Washington Commanders head coach Ron Rivera was asked Monday who he would start at quarterback for the regular-season finale against the Dallas Cowboys. Rivera said he hadn’t decided yet and wanted to speak with his coaching staff on Monday before making an announcement.
“Well, it’s the same as all the other positions,” Rivera said. “We’re going to continue to evaluate and look at things. I mean, guys, I’m not going to tell you anything about what we’re gonna do until it’s time, just so you guys know that. I’m meeting with the coaches later today, and we’ll discuss all those things as a group, and then we’ll make a decision. I’ll make a decision when it’s time and appropriate.”
What Rivera is saying here is, “I don’t have to tell you guys yet, so I am not going to.” And he’s right. Much like last week, there is little benefit to announcing your starting quarterback on Monday. You should probably expect an announcement sometime Tuesday evening or Wednesday morning.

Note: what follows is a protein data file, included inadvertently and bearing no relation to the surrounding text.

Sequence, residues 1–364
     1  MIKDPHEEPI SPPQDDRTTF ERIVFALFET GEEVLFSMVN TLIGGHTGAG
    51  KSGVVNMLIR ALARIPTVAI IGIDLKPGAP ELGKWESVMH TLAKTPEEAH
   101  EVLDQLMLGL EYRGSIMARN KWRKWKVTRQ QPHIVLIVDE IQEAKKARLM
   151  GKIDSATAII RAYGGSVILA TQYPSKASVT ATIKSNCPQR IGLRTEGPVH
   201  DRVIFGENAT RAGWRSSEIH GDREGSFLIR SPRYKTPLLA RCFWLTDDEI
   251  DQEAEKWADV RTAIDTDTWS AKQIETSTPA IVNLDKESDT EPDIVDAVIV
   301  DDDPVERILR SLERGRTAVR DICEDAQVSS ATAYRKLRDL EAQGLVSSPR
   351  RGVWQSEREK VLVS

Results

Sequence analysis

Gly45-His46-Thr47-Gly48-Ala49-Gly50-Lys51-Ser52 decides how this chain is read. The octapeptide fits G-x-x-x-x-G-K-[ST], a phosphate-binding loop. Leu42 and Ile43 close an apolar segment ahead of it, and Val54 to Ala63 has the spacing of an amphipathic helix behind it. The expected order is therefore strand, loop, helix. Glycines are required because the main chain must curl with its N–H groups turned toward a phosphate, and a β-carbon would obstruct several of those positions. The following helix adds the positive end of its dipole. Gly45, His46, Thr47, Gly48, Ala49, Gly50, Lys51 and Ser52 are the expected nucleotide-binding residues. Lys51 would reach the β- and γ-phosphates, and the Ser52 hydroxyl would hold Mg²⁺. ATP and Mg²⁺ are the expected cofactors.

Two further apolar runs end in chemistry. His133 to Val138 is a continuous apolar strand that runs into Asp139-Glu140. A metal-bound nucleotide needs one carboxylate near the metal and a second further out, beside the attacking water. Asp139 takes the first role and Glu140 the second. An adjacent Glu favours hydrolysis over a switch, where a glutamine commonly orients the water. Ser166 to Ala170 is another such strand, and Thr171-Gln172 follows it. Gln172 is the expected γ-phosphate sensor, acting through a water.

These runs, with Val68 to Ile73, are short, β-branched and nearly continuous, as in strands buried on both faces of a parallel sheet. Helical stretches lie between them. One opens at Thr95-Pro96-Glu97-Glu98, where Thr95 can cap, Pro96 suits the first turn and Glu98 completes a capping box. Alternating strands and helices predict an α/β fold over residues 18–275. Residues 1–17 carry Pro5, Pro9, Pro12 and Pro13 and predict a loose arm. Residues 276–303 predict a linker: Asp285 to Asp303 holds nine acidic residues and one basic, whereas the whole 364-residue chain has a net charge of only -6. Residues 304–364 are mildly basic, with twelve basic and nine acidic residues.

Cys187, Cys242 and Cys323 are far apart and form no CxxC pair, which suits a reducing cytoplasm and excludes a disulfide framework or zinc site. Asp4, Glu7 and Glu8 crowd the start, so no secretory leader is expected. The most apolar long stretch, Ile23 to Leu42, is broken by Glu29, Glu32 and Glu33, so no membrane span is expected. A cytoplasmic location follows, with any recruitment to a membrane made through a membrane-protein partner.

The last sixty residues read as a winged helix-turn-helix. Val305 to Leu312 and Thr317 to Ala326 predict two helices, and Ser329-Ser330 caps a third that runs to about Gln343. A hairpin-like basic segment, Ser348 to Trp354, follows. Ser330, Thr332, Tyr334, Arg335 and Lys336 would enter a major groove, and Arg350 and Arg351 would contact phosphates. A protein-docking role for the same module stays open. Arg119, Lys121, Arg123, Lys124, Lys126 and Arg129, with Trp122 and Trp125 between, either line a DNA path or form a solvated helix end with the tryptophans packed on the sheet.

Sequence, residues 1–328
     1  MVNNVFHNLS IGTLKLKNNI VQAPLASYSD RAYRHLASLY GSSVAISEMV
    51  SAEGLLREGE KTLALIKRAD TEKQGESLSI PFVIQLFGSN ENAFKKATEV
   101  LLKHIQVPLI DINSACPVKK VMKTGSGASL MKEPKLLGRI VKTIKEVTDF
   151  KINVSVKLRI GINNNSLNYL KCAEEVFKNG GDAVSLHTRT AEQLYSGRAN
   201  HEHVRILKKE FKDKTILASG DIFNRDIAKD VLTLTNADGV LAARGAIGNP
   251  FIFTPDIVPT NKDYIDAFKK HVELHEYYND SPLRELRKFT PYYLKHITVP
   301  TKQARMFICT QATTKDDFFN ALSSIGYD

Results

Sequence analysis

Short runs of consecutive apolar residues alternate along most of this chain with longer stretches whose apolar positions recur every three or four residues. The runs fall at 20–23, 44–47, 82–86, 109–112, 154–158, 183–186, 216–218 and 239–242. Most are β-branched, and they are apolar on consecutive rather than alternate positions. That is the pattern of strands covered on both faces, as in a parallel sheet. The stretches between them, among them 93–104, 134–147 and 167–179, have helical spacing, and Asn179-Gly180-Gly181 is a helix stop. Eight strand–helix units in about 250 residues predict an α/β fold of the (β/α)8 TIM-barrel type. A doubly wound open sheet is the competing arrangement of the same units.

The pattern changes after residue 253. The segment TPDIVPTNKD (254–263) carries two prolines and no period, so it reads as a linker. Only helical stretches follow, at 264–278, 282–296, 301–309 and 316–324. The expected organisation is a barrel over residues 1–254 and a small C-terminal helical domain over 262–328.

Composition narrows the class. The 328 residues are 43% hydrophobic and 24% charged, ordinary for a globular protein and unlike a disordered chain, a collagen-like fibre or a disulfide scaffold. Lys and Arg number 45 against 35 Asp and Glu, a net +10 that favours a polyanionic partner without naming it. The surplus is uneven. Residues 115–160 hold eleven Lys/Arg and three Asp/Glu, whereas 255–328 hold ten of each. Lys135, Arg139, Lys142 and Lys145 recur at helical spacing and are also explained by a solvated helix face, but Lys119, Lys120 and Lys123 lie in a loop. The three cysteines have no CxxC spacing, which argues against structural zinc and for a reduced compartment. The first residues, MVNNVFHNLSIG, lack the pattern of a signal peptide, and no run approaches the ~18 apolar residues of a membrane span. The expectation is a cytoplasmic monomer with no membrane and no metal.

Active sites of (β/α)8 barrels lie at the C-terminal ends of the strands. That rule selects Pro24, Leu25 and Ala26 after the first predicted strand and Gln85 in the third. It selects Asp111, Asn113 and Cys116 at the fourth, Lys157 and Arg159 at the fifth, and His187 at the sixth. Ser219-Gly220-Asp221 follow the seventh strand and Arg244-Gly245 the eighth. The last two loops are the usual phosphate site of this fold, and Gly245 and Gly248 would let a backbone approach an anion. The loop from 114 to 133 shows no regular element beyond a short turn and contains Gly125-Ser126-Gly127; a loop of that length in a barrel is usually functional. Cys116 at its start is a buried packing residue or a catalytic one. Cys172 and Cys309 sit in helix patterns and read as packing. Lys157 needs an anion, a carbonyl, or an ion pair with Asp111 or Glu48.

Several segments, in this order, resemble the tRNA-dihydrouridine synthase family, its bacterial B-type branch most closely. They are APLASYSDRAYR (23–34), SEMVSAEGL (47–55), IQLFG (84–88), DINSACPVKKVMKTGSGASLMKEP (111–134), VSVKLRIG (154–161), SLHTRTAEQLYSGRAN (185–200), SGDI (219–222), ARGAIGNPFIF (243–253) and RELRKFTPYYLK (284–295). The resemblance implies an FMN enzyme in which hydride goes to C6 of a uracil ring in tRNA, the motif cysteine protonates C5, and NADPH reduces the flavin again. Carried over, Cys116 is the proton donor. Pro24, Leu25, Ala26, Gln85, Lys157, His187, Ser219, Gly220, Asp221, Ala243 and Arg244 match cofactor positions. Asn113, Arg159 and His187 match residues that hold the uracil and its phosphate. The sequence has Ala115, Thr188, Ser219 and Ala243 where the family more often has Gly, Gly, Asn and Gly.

He didn’t say it, but it won’t be Carson Wentz. How could it be? That leaves Rivera with two options: Returning to Taylor Heinicke or starting rookie Sam Howell.
This shouldn’t be up for debate. Howell should be the choice, and that’s not meant as disrespect for Heinicke. The Commanders know what they have in Heinicke, good and bad. You are eliminated from the playoffs, playing a team with everything to play for, making this a perfect evaluation opportunity for the rookie passer from North Carolina.
Look, this is only one game, meaning if Howell plays outstanding or not so good, you can’t come away with any defining realization about his future. But it is an opportunity to see if he is ready to compete with a veteran next season.
If you are in Washington’s shoes, there is nothing to lose and everything to gain. Starting Howell doesn’t mean you are tanking and quitting on your veteran players. For all anyone knows, it could be Washington’s best chance to beat the Cowboys.
If Rivera goes with Heinicke, it would be another questionable quarterback decision in his three-year tenure.